Chapter 15 (“The Birth of Global Trade”) is an example of the latter. Commencing with an overview of the Spanish and Portuguese empires, it then jumps to a two-page account of the Japanese invasion of Korea in 1592 before taking us into the Mediterranean and then skipping across to Russian waters. After a short description of flat-bottomed riverboats, the chapter turns to the first attempts to create state navies in Europe before concluding with a discussion of the Spanish Armada. The result of this encyclopedic approach is that while all are engaging, some of the chapters feel, in the absence of a central theme or thread, somewhat disjointed.

The attempt to take in as much maritime activity in as much of the world as possible also means that individual topics seldom receive as much attention as they would, for example, in a more thematic analysis. Such is the case with that perennial companion of the maritime merchant, the pirate. Given the scale of the work and the fact that Paine gives considerable coverage to the rise and fall of states, pirates are not neglected, receiving by my rough count at least fifty references, but these are widely scattered and do not cohere together into any sort of systematic discussion. This treatment, while perhaps inevitable in an account of this kind, means that the seas sometimes appear more as open expanses plied by ever-increasing numbers of merchant and naval vessels than as complex legal and political spaces.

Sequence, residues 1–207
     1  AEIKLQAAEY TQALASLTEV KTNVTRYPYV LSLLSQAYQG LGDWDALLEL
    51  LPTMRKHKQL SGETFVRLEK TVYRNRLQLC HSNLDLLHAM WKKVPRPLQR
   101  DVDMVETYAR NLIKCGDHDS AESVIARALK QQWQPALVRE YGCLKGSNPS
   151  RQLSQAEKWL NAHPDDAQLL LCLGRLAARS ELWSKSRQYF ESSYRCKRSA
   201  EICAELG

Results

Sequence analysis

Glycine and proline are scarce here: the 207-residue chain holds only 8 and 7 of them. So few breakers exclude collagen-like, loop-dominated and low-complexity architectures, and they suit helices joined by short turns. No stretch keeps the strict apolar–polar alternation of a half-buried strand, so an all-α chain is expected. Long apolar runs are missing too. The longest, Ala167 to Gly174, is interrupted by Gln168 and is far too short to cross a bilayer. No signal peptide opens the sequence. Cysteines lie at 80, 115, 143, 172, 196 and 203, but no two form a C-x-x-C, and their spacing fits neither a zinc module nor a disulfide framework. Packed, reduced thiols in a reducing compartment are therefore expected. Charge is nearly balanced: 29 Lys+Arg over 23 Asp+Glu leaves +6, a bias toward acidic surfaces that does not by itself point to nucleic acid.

As has become clear in a slew of recent studies, pirates existed in the spaces in between. This applied first to the ethnic makeup of pirate bands, which were often strikingly diverse. To cite one example, the huge wokou or wakō pirate fleets of sixteenth-century East Asia, one of many such groups to receive just a handful of sentences, were controlled by Chinese maritime entrepreneurs but they drew in a wide range of recruits from Japan and other parts of Asia. Far from the lawless actors they are sometimes imagined as, pirates operated, as Lauren Benton has so clearly shown, in the spaces created by overlapping legal orders, freely adopting and discarding legal identities depending on the exigencies of the moment.[1] The same could be said of their victims who pulled on the tangled jurisdictional threads that characterized the oceans in order to gain compensation for attacks. Thus it was not unusual for seventeenth-century Chinese mariners assaulted by the Dutch in Southeast Asia to take their claims to Japanese officials in Nagasaki for restitution. Because they operated on the edges of territorial politics, pirate chieftains also created unconventional maritime polities that raise questions about the “symbiotic relationship between commercial and naval power” that is conventionally ascribed, as in Paine’s account, only to Europeans (p. 5). This was the case with Zheng Zhilong, a pirate turned official, and especially his son Chenggong or Coxinga, who established what Xing Hang calls a “quasi-governmental commercial enterprise” that was able to challenge the formidable Dutch East India Company and ultimately to eject it from its prized colony on Taiwan.[2]